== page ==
AUSTIN (KXAN) — An Austin mom has extra to celebrate this Mother’s Day, just months after she successfully completed breast cancer treatment while pregnant with her second child.

Emily Williams celebrated her 40th birthday last March and underwent her first routine mammogram, which came back clear. In May, she learned she was pregnant with her second child, after seven rounds of in vitro fertilization attempts.

But come June 2022, she discovered a lump in her breast. After completing a biopsy, she was diagnosed with stage IIB breast cancer.

“It’s almost like my happiness turned and went 180 [degrees],” she said. “Can I even keep this baby, after all that we went through? And so it was really — it was devastating to me.”

Williams connected with Dr. Debra Patt, a medical oncologist at Texas Oncology-Austin Central. Patt told KXAN that pregnancies require oncologists to take a different treatment approach, with some therapies were safe while others must be avoided until after delivery.

“Patients can often safely carry a pregnancy and receive treatment for cancer, and the best way to have the best outcome is to present to their doctor as early as possible to best navigate the complexities that we incur when both pregnancy and cancer occur simultaneously,” Patt said.

Typically, Williams’ treatment would’ve begun with chemotherapy first. Because she was approaching the second trimester of her pregnancy, her team at Texas Oncology began with a single mastectomy.

Post-surgery, Williams’ treatment plan pivoted to chemo, using two options deemed safe for use during pregnancy. She completed chemo two weeks before her scheduled C-section — but her daughter had other plans, with Williams delivering a healthy baby girl just five days after wrapping chemo.

In a beautiful merging of worlds, Williams’ obstetrician and her surgical oncologist were close friends and were out at brunch when Williams’ water broke. Both of them came to help her deliver her daughter.

“It was kind of almost like the two worlds coming together on my delivery day,” she said. “And so, that was just a surreal and amazing experience too, that really made my delivery just an amazing experience.”

Not only was delivering her second child a dream realized post-chemo, but Williams set her sights on another milestone. Having stayed active throughout both chemo and pregnancy, Williams decided to set a new goal for herself: running in the London Marathon.

The accomplishment would mark her eighth marathon and fourth major marathon. In two months’ time — and after undergoing six-and-a-half weeks of radiation, no less — Williams crossed the finish line and earned her medal.

“It was just such an emotional experience. Like, I broke down in tears and was just like, ‘This is the end. I mean, I’m done,'” she said. “It was the perfect way, I think, to wrap up my whole journey.”

Reflecting on the past year of her life, Williams said she wants to continually advocate for people to be proactive and take charge of their health, including routine monthly breast checks and exams. Her experience is living proof, having gone from a clear mammogram to a nearly five-centimeter tumor in just a few months’ time.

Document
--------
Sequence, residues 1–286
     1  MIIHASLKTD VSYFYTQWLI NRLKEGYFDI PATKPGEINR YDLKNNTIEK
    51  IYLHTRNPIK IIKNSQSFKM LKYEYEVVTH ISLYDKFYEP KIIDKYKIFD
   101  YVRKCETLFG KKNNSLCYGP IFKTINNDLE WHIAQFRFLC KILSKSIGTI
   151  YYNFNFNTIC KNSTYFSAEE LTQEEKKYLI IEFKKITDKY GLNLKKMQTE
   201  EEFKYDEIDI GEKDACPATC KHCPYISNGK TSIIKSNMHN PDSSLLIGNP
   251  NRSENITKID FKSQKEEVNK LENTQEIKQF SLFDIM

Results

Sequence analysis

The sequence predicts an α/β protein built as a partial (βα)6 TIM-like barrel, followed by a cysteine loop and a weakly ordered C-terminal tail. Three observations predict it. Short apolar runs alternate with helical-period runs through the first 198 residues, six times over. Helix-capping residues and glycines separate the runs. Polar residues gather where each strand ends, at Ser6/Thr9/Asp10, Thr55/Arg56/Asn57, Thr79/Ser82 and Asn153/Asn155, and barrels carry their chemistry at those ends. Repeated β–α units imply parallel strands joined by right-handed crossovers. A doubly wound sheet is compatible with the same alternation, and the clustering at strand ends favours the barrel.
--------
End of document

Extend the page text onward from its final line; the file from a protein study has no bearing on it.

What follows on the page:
“Early detection is really important,” she said. “If there’s anything different, just make sure — even if you don’t think it’s anything — just make sure to go to a doctor just to confirm. Because the sooner you catch it, the easier the treatment will be.”

Patt echoed Williams’ advice, saying women should be diligent and monitor any breast lumps, discoloration, skin changes, nipple discharge or bleeding that might become prevalent.

Women without a family history of breast cancer should begin receiving mammograms at age 40, with Patt advocating for annual checkups. Those with a family history or who have other heightened risks for breast cancer should consult with their doctor about the best screening time and strategy.

For Patt, she said seeing Williams’ progression in the past year and delivery of a healthy, happy baby girl is an inspiration and a reminder to other cancer patients that they, too, can carry a pregnancy to term while battling cancer.

“Emily is an inspiration, and she inspires everyone who touches her,” she said, adding: “All throughout treatment she continued to work, exercise daily, and was joyful. I am sure she was frightened by a lot of this, but she approached it fearlessly. I have such joy seeing her and her daughter thrive. Our team at Texas Oncology and her team at home partnered well to get her what she needed to have a great outcome.”

At the root of Williams’ journey, she said, was a supportive team both in her medical care and behind the scenes. Joining breast cancer support groups and finding a community to rally behind her at her local fitness studio helped give her the strength and courage to see both her treatment, pregnancy and marathon training to the finish line.

“To have a happy, healthy baby after going through all that just astounds me, and I can only hope that we’ll keep advancing our cancer treatments and someday find a cure for cancer.”